Lust v. Colvin

Filing 22

MEMORANDUM Opinion and Order Signed by the Honorable M. David Weisman on 7/31/2017. Mailed notice (ao,)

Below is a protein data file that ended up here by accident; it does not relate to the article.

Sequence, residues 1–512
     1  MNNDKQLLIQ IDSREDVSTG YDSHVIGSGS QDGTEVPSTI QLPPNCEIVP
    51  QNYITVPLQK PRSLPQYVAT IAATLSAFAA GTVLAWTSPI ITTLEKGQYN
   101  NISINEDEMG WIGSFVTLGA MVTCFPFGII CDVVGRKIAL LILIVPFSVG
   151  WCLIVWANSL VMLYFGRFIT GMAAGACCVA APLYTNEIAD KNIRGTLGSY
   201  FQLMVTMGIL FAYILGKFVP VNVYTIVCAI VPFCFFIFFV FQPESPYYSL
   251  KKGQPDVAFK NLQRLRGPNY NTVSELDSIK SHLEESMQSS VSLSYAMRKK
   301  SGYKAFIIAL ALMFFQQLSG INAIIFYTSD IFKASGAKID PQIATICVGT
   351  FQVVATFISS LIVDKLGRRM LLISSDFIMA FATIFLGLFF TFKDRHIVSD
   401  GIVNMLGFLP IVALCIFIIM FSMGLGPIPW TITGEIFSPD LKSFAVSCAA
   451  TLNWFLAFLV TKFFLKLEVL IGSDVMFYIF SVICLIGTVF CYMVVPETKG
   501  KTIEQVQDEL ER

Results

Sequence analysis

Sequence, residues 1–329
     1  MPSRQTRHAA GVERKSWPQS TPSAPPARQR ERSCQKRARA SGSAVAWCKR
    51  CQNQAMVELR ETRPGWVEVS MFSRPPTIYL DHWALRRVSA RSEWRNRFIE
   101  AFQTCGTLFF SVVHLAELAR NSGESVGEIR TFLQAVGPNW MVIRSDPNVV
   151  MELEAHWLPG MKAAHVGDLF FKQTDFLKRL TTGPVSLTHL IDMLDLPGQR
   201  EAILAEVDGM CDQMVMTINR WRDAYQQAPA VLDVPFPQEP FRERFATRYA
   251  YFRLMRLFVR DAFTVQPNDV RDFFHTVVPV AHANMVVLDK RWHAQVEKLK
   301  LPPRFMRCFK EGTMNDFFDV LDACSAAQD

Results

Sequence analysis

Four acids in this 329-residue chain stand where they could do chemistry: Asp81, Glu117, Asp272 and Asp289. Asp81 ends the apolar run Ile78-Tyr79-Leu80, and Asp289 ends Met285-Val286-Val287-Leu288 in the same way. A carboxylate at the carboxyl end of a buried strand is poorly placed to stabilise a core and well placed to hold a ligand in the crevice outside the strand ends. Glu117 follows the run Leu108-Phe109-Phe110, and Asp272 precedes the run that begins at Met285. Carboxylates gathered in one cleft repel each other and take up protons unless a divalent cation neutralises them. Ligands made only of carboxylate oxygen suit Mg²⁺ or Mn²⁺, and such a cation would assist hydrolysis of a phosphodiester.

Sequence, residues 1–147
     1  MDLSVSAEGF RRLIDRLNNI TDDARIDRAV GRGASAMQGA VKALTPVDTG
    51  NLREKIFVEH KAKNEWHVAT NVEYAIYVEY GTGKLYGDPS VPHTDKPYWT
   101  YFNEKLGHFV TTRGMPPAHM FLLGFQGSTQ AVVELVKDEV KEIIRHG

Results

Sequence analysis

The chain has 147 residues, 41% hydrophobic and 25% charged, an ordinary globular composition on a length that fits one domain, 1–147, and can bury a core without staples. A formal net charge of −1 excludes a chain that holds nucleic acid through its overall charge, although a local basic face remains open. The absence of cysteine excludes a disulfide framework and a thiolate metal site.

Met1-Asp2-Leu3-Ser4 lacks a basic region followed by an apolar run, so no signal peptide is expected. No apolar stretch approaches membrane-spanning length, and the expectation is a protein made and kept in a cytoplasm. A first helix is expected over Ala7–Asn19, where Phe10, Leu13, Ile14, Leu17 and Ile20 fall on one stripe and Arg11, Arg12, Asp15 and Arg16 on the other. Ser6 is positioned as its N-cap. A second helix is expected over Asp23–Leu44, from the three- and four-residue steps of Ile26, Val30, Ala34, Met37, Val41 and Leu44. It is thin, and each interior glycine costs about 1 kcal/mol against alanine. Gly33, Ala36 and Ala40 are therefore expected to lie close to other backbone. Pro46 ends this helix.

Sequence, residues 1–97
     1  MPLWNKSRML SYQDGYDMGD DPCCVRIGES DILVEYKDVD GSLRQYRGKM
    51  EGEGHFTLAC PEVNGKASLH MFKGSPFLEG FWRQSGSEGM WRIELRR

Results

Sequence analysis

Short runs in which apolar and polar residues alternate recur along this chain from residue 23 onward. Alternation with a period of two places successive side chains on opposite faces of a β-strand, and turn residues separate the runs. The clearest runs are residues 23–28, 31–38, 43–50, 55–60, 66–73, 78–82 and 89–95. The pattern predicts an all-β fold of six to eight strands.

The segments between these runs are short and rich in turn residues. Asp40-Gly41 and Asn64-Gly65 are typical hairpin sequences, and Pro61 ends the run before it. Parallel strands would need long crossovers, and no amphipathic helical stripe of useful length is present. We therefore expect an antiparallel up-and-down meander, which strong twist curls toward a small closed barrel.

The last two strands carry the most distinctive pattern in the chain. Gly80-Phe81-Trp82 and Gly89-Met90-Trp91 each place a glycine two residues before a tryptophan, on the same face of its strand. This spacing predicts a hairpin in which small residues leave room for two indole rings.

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UNITED STATES DISTRICT COURT FOR THE NORTHERN DISTRICT OF ILLINOIS EASTERN DIVISION DARRYL LUST, SR., Plaintiff, v. NANCY A. BERRYHILL, Acting Commissioner of Social Security,1 Defendant. ) ) ) ) ) ) ) ) ) ) No. 16 C 8365 Magistrate Judge M. David Weisman MEMORANDUM OPINION AND ORDER Plaintiff Darryl Lust, Sr. brings this action pursuant to 42 U.S.C. § 405(g) for judicial review of the Commissioner’s decision denying his application for Social Security benefits. For the reasons set forth below, the Court affirms the Commissioner’s decision. Background Plaintiff filed an application for benefits on July 11, 2012, alleging a disability onset date of December 1, 2010. (R. 84-85.) His application was denied initially on November 30, 2012, and again on reconsideration on May 1, 2013. (R. 84, 94.) Plaintiff requested a hearing before an Administrative Law Judge (“ALJ”), which was held on March 20, 2015. (R. 30-76.) On April 10, 2015, the ALJ issued a decision denying plaintiff’s application. (R. 15-25.) The Appeals Council denied review (R. 1-3), leaving the ALJ’s decision as the final decision of the Commissioner. See Villano v. Astrue, 556 F.3d 558, 561-62 (7th Cir. 2009). 1 On January 23, 2017, Nancy A. Berryhill succeeded Carolyn W. Colvin as Acting Commissioner of Social Security. See (last visited July 31, 2017). Accordingly, the Court substitutes Berryhill for Colvin pursuant to Federal Rule of Civil Procedure 25(d). Discussion The Court reviews the ALJ’s decision deferentially, affirming if it is supported by “substantial evidence in the record,” i.e., “‘such relevant evidence as a reasonable mind might accept as adequate to support a conclusion.’” White v. Sullivan, 965 F.2d 133, 136 (7th Cir. 1992) (quoting Richardson v. Perales, 402 U.S. 389, 401 (1971)). “Although this standard is generous, it is not entirely uncritical,” and the case must be remanded if the “decision lacks evidentiary support.” Steele v. Barnhart, 290 F.3d 936, 940 (7th Cir. 2002). Under the Social Security Act, disability is defined as the “inability to engage in any substantial gainful activity by reason of any medically determinable physical or mental impairment which can be expected to result in death or which has lasted or can be expected to last for a continuous period of not less than 12 months.” 42 U.S.C. § 423(d)(1)(A). The regulations prescribe a five-part sequential test for determining whether a claimant is disabled. See 20 C.F.R. § 404.1520. Under the regulations, the Commissioner must consider: (1) whether the claimant has performed any substantial gainful activity during the period for which she claims disability; (2) if not, whether the claimant has a severe impairment or combination of impairments; (3) if so, whether the claimant’s impairment meets or equals any listed impairment; (4) if not, whether the claimant retains the residual functional capacity (“RFC”) to perform her past relevant work; and (5) if not, whether he is unable to perform any other work existing in significant numbers in the national economy. Id.; Zurawski v. Halter, 245 F.3d 881, 885 (7th Cir. 2001). The claimant bears the burden of proof at steps one through four, and if that burden is met, the burden shifts at step five to the Commissioner to provide evidence that the claimant is capable of performing work existing in significant numbers in the national economy. See 20 C.F.R. § 404.1560(c)(2). 2 At step one, the ALJ found that plaintiff had not engaged in substantial gainful activity since his application date. (R. 17.) At step two, the ALJ found that plaintiff had the severe impairments of “asthma, sarcoidosis, and degenerative disc disease.” (Id.) At step three, the ALJ found that plaintiff does not have an impairment or combination of impairments that meets or medically equals the severity of a listed impairment. (Id.) At step four, the ALJ found that plaintiff had no past relevant work but (R. 23) but has the RFC: [T]o lift and carry twenty pounds occasionally and ten pounds frequently and can be in [sic] his feet standing/walking about four hours in an eight-hour workday and sit about six hours, with normal rest periods. He is able to be on his feet about one hour at a time and sit about two hours at a time. He is unable to work at heights, climb ladders, or frequently negotiate stairs. He may only occasionally crouch, kneel, or crawl. He should avoid concentrated exposure to fumes, dust, odors, gases, or poorly ventilated areas. He should avoid frequent twisting and turning of the body. (R. 18.) At step five, the ALJ concluded that jobs exist in significant numbers in the national economy that plaintiff can perform, and thus is not disabled. (R. 24-25.) Plaintiff argues that the ALJ improperly evaluated the opinion of plaintiff’s treating physician. An ALJ must give a treating physician’s opinion controlling weight if “it is wellsupported by medically acceptable clinical and laboratory diagnostic techniques and is not inconsistent with other substantial evidence in [the] record.” 20 C.F.R. § 404.1527(c)(2); Scott v. Astrue, 647 F.3d 734, 739 (7th Cir. 2011). “If an ALJ does not give a treating physician’s opinion controlling weight, the regulations require [him] to consider the length, nature, and extent of the treatment relationship, frequency of examination, the physician’s specialty, the types of tests performed, and the consistency and supportability of the physician’s opinion.” Moss v. Astrue, 555 F.3d 556, 561 (7th Cir. 2009); see 20 C.F.R. § 404.1527(c). The ALJ must give “good reasons” for the weight that he assigns a treating physician’s opinion. Bates v. 3 Colvin, 736 F.3d 1093, 1101 (7th Cir. 2013); see Roddy v. Astrue, 705 F.3d 631, 636-37 (7th Cir. 2013). Dr. Hamb, plaintiff’s treating physician, opined that plaintiff: (1) has pain that will interfere with his concentration “constantly”; (2) is incapable of performing even low stress jobs; (3) can only sit for four hours and stand/walk for less than two hours of an eight-hour workday; (4) must walk around for five minutes every hour of an eight-hour workday; (5) will need to take unscheduled breaks five or six times during a workday; (6) needs an assistive device to stand/walk; (7) has “significant limitations in doing repetitive reaching, handling or fingering”; (8) can never stoop or crouch; and (9) will miss work more than four times a month. (R. 36872.) The ALJ gave “little weight” to Dr. Hamb’s opinion because he only examined plaintiff three times and his opinion was internally inconsistent and unsupported by his own records, diagnostic test results, the opinion of the consultative examiner, and plaintiff’s reports of his daily activities: . . . . First, the record contains no objective evidence to support Dr. Hamb’s contention that the claimant has any limitations with his upper extremities . . . . In contrast, the findings at the consultative examination included full bilateral grip strength, full strength in the upper extremities, and normal ranges of motion in the hands, wrists, elbows, and shoulders. Second, nothing in the record –including Dr. Hamb’s treatment notes – indicates the claimant needs or uses any assistive device to ambulate. The claimant did not allege that he needed a cane or other assistive device and he did not have one at any of the examinations documented in the record. Third, Dr. Hamb’s suggestion that the claimant could sit for only four hours in an eight-hour work day is unsupported by the record. The claimant testified that he could sit comfortably for an hour or two. Additionally, Dr. Hamb himself indicated that the claimant could sit for one hour at a time, which suggests an ability to sit for more than four hours total in an eight-hour workday. Fourth, the consultative examination findings belie the assertion that the claimant could lift/carry only ten pounds occasionally. The claimant exhibited full muscle strength throughout all extremities, as well as full grip strength, normal motor 4 function, and normal reflexes. Similarly, Dr. Hamb did not observe the claimant to have any neurological or strength deficits at his examinations. Fifth, Dr. Hamb only saw the claimant three times, first in November 2013, then again in May 2014 and a third time in January of 2015, the day before [Dr. Hamb rendered his opinion]. This documented treatment does not constitute a significant treatment relationship. Moreover, given that [Dr. Hamb’s] primary finding at the examinations was pain, a very subjective thing, it appears his opinion was based heavily on the claimant’s subjective reports rather than solely on truly objective signs and findings. (R. 22-23) (citations omitted). Plaintiff argues that the ALJ’s assessment of Dr. Hamb’s opinion is flawed because it does not explicitly address every factor set forth in the governing regulations. The Seventh Circuit, however, has rejected this argument: Schreiber also argues that the ALJ failed to properly analyze Dr. Belford’s opinion because he did not specifically address each factor set forth in 20 C.F.R. § 404.1527. When an ALJ chooses to reject a treating physician’s opinion, she must provide a sound explanation for the rejection. See 20 C.F.R. § 404.1527(c)(2); Campbell v. Astrue, 627 F.3d 299, 306 (7th Cir. 2010). Here, while the ALJ did not explicitly weigh each factor in discussing Dr. Belford’s opinion, his decision makes clear that he was aware of and considered many of the factors, including Dr. Belford’s treatment relationship with Schreiber, the consistency of her opinion with the record as a whole, and the supportability of her opinion. See 20 C.F.R. § 404.1527(c). While we may not agree with the weight the ALJ ultimately gave Dr. Belford’s opinions, our inquiry is limited to whether the ALJ sufficiently accounted for the factors in 20 C.F.R. § 404.1527, see Elder v. Astrue, 529 F.3d 408, 415-16 (7th Cir. 2008) (affirming denial of benefits where ALJ discussed only two of the relevant factors laid out in 20 C.F.R. § 404.1527), and built an “accurate and logical bridge” between the evidence and his conclusion. We find that deferential standard met here. Schreiber v. Colvin, 519 F. App’x 951, 959 (7th Cir. 2013). As in Schreiber, the ALJ’s opinion in this case shows that he “considered many of the [regulatory] factors” and “built an accurate 5 and logical bridge between the evidence and his conclusion.” Id. (quotation omitted). Thus, his failure to address each factor explicitly is not basis for overturning his decision.2 Plaintiff fares no better with his contention that the ALJ improperly rejected Dr. Hamb’s opinion because it was based largely on plaintiff’s subjective complaints. First, that was not the only, or even the primary, reason for the ALJ’s rejection of Dr. Hamb’s opinion. Second, even if it had been, an ALJ is entitled to reject a treating physician’s opinion if it is “based solely on the patient’s subjective complaints.” Ketelboeter v. Astrue, 550 F.3d 620, 625 (7th Cir. 2008); see Bates v. Colvin, 736 F.3d 1093, 1100 (7th Cir. 2013) (“[W]here a treating physician’s opinion is based on the claimant’s subjective complaints, the ALJ may discount it.”) (citing Ketelboeter). In short, the ALJ’s assessment of Dr. Hamb’s opinion comports with the regulations and is supported by the record. (See R. 45-50, 62, 275-78, 292-97.) Thus, it is not a basis for remanding this case. Alternatively, plaintiff claims that the ALJ’s credibility finding does not comport with SSR 96-7p. The Court notes that defendant recently issued new guidance for evaluating symptoms in disability claims, which supersedes SSR 96-7p and “eliminat[es] the use of the term ‘credibility’” to “clarify that subjective symptom evaluation is not an examination of an individual’s character.” See SSR 16-3p, 2016 WL 1119029, at *1 (Mar. 16, 2016). Though SSR 16-3p was issued after the ALJ’s decision in this case, it is appropriate to apply it here because it is a clarification of, not a change to, existing law, see Pope v. Shalala, 998 F.2d 473, 483 (7th Cir, 1993), overruled on other grounds by Johnson v. Apfel, 189 F.3d 561 (7th Cir. 1999) (stating that courts give “great weight” to an agency’s expressed intent to clarify a regulation), and is 2 Moreover, plaintiff does not identify what the ALJ’s analysis failed to substantively consider. For example, while the ALJ did not discuss Dr. Hamb’s area of specialty, plaintiff does not even attempt to explain how this oversight would substantively impact the ALJ’s consideration of Dr. Hamb’s assessment. 6 substantially the same as the prior regulation. Compare SSR 96-7p, 1996 WL 374186 (July 2, 1996), with SSR 16-3p, 2016 WL 1119029 (Mar. 16, 2016). Plaintiff argues that the ALJ’s use of boilerplate language condemned by the Seventh Circuit dooms his credibility determination. (See R. 18 (“After careful consideration of the evidence, I find that the claimant’s medically determinable impairments could reasonably be expected to cause the alleged symptoms; however, the claimant’s statements concerning the intensity, persistence and limiting effects if these symptoms are not entirely credible for the reasons explained in this decision.”)); see also Parker v. Astrue, 597 F.3d 920, 922 (7th Cir. 2010), as amended on reh’g in part, (May 12, 2010) (characterizing similar language as “meaningless boilerplate”). If that were the extent of the ALJ’s explanation, the Court would agree. But it is not. After making that statement, the ALJ proceeded to evaluate plaintiff’s testimony about his limitations in light of his reported daily activities; the location, duration, frequency, and intensity of his pain and other symptoms; the factors that precipitate and aggravate his symptoms; the type, dosage, effectiveness, and side effects of the medication plaintiff takes to alleviate pain or other symptoms; and the treatment or other measures plaintiff has received for relief of pain or other symptoms. (See R. 18-22.) These are precisely the factors SSR 16-3p instructs ALJs to consider in evaluating claimant symptoms. See SSR 16-3p, 2016 WL 1119029, at *7. Because the ALJ thoroughly assessed plaintiff’s reported limitations in conjunction with the rest of the record evidence, his use of “boilerplate” credibility language, though not laudable, does not doom his assessment. See Schreiber, 519 F. App’x at 961 (“[T]he use of such [boilerplate] language is not fatal if the ALJ has otherwise explained his conclusion adequately.”) (quotation omitted). 7 Plaintiff further argues that the ALJ engaged in impermissible cherry-picking by failing to evaluate and consider all of the evidence. The Court disagrees. The ALJ considered all of the medical evidence presented, and acknowledged medical evidence that supported and cut against his ultimate conclusions. (See R. 18-22 (identifying emergency room visits related to asthmatic issues; noting pulmonary functioning tests with moderate restriction; acknowledging impairments related to neck and back issues).) The ALJ did not ignore countervailing evidence. Rather, he considered such evidence and concluded that plaintiff has certain medical conditions, but they are not disabling. Plaintiff’s last argument is that the medical vocational guidelines3 mandate a finding of disability, given his age, limited education, lack of work history, and RFC restriction to sedentary work. See 20 C.F.R. § 404, subpt. P, App. 2, § 201.00(g) (“Individuals approaching advanced age (age 50-54) may be significantly limited in vocational adaptability if they are restricted to sedentary work. When such individuals have no past work experience or can no longer perform vocationally relevant past work and have no transferable skills, a finding of disabled ordinarily obtains.”). Plaintiff is not, however, restricted to sedentary work. (See R. 6667 (vocational expert testifying that there were some light jobs that were compatible with plaintiff’s RFC).) Thus, the medical vocational guidelines do not dictate a finding of disability. 3 The medical vocational guidelines are rules that “reflect the analysis of the various vocational factors (i.e., age, education, and work experience) in combination with the individual’s residual functional capacity (used to determine his or her maximum sustained work capability for sedentary, light, medium, heavy, or very heavy work) in evaluating the individual’s ability to engage in substantial gainful activity in other than his or her vocationally relevant past work.” 20 C.F.R. § 404, subpt. P, App’x 2, § 200.00. “Where the findings of fact made with respect to a particular individual’s vocational factors and residual functional capacity coincide with all of the criteria of a particular rule, the rule directs a conclusion as to whether the individual is or is not disabled.” Id. 8 Conclusion For the reasons set forth above, the Court denies plaintiff’s motion for summary judgment [9], grants the Commissioner’s motion for summary judgment [18], affirms the Commissioner’s decision, and terminates this case. SO ORDERED. ENTERED: July 31, 2017 _________________________________ M. David Weisman United States Magistrate Judge 9